The Kinlers met in Canada at the University of Waterloo, northwest of Toronto. Dick was getting his doctoral degree in psychology, and Ruth was an undergraduate. They married, and he took a teaching job in Utah. Soon, he abandoned teaching for retail and joined up with Fort Worth-based Color Tile, and the family began moving across the U.S. as he climbed the corporate ladder. They lived in Tacoma, Wash., and Portland, Ore., before they were reeled into the home office for Dick to begin a training department.
The adjustment was brutal. (Dick recalls that while driving through West Texas on their way to Fort Worth, Ruth was watching the bleak scenery roll by with tears streaking her cheeks.) She admits it took her five years to acclimate to the harsh sunshine and intense heat. Now she loves the Southwest, but it wasn’t an instant rapport.
Personal struggles with gardening eventually led Ruth to her belated career. She had been a stay-at-home mom for 20 years. When her children left for college, she looked around for something to do.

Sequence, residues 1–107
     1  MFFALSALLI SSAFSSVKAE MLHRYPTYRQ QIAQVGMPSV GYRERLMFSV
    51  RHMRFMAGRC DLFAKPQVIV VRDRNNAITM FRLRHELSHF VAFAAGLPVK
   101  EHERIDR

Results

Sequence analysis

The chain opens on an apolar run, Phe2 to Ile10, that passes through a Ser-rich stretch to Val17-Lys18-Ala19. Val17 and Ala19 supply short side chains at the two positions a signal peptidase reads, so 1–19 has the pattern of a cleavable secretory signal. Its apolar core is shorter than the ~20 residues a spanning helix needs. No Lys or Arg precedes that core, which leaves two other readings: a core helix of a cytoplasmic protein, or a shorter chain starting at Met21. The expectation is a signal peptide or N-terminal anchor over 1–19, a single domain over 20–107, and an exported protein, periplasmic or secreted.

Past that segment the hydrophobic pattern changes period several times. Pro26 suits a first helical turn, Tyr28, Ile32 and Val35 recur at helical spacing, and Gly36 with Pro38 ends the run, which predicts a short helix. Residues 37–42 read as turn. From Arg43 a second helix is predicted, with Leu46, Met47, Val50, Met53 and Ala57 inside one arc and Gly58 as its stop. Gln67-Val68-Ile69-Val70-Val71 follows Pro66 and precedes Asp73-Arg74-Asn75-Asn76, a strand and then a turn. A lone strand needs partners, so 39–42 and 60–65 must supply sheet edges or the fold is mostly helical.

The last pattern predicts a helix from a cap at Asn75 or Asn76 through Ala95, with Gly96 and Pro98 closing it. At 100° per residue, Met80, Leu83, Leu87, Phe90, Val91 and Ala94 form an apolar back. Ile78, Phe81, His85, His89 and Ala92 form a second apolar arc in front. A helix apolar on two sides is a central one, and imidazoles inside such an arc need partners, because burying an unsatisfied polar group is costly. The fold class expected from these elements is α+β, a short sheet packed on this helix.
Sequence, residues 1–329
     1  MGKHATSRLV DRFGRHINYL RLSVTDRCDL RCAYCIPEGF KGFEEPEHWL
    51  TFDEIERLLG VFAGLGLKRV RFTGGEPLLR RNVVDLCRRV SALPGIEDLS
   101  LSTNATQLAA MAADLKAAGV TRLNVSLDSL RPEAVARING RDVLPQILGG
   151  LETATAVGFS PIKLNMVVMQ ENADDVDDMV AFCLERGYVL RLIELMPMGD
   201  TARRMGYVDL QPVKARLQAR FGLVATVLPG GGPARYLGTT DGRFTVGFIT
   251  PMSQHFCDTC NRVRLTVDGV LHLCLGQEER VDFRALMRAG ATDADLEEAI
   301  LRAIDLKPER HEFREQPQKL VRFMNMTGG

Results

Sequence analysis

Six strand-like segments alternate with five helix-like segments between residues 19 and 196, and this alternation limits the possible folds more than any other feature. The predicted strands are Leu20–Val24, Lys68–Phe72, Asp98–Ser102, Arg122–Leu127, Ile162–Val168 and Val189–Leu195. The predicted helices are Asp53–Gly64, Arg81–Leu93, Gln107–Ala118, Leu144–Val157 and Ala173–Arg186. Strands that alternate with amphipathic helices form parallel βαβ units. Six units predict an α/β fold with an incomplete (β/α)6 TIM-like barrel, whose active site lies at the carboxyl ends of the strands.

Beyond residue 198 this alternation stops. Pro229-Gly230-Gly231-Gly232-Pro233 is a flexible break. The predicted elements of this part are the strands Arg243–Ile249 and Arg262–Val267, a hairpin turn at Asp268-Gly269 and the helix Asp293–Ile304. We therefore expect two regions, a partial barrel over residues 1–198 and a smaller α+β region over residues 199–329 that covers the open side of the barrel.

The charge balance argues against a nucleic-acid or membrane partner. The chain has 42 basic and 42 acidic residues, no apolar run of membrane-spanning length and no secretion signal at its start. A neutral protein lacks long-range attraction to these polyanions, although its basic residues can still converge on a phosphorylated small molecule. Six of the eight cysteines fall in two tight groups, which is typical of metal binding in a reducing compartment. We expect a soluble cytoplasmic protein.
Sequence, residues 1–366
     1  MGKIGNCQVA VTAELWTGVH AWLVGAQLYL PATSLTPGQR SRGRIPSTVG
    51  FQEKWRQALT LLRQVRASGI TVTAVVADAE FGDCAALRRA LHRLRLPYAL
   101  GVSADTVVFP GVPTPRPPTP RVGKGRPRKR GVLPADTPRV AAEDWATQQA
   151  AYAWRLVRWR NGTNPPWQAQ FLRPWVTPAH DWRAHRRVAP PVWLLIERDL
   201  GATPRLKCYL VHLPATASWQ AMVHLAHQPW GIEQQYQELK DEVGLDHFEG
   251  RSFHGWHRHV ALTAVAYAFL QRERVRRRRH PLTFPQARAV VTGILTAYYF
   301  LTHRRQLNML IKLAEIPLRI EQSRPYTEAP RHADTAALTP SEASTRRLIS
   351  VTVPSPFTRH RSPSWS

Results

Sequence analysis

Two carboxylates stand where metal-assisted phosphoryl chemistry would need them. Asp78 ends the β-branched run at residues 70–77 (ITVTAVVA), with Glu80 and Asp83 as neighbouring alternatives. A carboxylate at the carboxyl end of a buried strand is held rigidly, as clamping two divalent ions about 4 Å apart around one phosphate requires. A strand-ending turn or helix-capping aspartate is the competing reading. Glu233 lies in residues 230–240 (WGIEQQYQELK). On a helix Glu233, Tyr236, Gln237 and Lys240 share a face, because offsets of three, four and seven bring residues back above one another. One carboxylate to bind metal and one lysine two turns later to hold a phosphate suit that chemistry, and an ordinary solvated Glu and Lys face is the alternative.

“All I had ever done was garden,” she says, noting that Dick encouraged her to turn her hobby into a business.
Redenta’s was born in 1992. The name came from Ruth’s middle name, and an aunt, who was a nun in a convent in Siena, Italy. Ruth says Sister Redenta was quite pleased with the thought of Texas garden centers bearing her name until she saw a photograph with her name emblazoned on the side of a pickup truck. Then her enthusiasm cooled.
At the time they bought their Arlington home, there were five Redenta’s locations, and Dick had come along and joined his wife and one of their sons in the business. The organic gardening centers were early to the trend, although they didn’t begin as all-organic.
Within a few months of opening the Arlington and Colleyville locations, Ruth saw the future and donated all the chemical fertilizers and eradicators to charity auctions and positioned her business as one of the area’s first all-organic garden businesses. There are two Redenta’s now, one a few minutes from their house in Arlington and one on lower Skillman Street in Dallas.